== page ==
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    #20
    I'm really glad I don't have the world wide peanut gallery scrutinizing every decision I make in *my* software...
     
  21. MacVault macrumors 65816

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    Read-only ZFS? WTF?

    Now... #1) Why can't Information Week / Bill Croll get their story stright??? And #2) WHY THE $#%@ would anyone - especially the enterprise - want a half-assed-read-only implementation of ZFS? Reminds me of Mac OS X's read-only NTFS support, but at least that is Microsoft's fault.

    WTF? :mad:
     
  22. Hopstretch macrumors regular

    Hopstretch

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    #22
    Agreed. Apple's inability to get their ducks in a row on this one is almost enough to drive an otherwise-reasonable observer into the tinfoil hat schwartz-pissed-off-steve-so-much-they-yanked-it-at-the-eleventh-hour camp.
     
  23. trainguy77 macrumors 68040

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    #23
    Well if you have decent hardware controllers you can add disks.
     
  24. ChrisA macrumors G4

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    #24
    I went through this logic and I'd bet any of the working level engineers are Apple would do the same.

    "I need a Solaris system. Let's see how can I get one? (A) fill out a zillion forms get three levels of management approval and walk it down to purchasing and wait.... or (B) Download Solaris from Sun's web site, burn the ISO image to DVD and install it on the machine that is already on my desk."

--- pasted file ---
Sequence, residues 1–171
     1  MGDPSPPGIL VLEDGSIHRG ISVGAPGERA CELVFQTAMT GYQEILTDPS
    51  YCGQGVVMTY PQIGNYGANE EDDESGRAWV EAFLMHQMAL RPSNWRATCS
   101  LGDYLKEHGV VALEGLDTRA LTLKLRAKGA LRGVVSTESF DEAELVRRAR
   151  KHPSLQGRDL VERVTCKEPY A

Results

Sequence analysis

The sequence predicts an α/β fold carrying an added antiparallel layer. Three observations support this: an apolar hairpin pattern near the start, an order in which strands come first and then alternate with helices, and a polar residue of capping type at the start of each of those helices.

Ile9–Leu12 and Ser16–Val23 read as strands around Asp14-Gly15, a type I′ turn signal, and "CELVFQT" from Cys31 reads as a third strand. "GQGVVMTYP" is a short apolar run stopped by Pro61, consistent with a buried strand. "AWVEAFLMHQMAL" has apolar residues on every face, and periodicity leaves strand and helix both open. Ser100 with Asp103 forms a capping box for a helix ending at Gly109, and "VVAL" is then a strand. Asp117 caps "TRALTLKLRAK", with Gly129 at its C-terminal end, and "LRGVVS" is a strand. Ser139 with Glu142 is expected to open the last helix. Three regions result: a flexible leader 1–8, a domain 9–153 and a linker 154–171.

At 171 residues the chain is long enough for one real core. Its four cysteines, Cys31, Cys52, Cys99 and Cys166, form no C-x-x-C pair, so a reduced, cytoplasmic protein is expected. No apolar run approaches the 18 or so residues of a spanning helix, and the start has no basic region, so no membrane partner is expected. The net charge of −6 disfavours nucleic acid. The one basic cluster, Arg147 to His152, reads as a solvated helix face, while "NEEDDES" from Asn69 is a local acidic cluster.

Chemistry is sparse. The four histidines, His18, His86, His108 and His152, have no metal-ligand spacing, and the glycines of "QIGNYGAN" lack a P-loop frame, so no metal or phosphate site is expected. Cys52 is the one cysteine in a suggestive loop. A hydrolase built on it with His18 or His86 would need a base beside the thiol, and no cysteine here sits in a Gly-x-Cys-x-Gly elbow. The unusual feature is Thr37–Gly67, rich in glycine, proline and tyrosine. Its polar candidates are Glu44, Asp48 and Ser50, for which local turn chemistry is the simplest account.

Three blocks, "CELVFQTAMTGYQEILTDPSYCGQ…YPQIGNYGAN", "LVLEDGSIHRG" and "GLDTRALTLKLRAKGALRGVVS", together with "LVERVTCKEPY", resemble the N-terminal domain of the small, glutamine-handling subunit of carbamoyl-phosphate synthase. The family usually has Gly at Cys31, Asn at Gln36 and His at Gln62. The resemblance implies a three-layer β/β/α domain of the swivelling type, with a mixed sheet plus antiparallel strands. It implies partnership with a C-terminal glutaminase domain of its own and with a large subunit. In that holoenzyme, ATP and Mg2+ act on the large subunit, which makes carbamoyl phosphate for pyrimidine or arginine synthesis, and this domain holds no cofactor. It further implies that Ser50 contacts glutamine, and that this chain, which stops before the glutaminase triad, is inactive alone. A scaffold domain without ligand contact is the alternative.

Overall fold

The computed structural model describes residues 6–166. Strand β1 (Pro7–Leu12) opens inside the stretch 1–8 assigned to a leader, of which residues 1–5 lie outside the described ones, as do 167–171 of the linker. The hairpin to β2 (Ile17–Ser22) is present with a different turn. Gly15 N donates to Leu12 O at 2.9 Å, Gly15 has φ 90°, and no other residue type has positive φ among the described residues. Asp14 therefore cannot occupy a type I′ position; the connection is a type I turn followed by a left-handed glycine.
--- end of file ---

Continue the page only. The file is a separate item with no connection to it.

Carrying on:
I went route "B" and had a Solaris system running on my dual xeon powered HP computer in only a few hours. That said. I'd bet they have SPARCs someplace at Apple. I'm prety sure Solaris will run inside VMware on a Mac. Solaris likely works under Bot camp too. I don't see any hardware on the ac Pro that Solaris does not support. It's all pretty genaric
     
  25. theBB macrumors 68020

    theBB

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    OK, we got it, you are outraged that ZFS is not fully supported in Leopard. How many times do you have to sprinkle your F-word replacement characters all over this forum? In every thread about this issue, it is the same story. Maybe it is not stable enough yet, maybe it is not much use unless you are using Leopard server, who knows. All I know is that about 95% of the desktop or laptop users in this forum would not even know ZFS existed if not for the rumors and I am tired of your crude ranting. Just because you are not writing the whole word does not make it any more socially acceptable.

    Take a pill...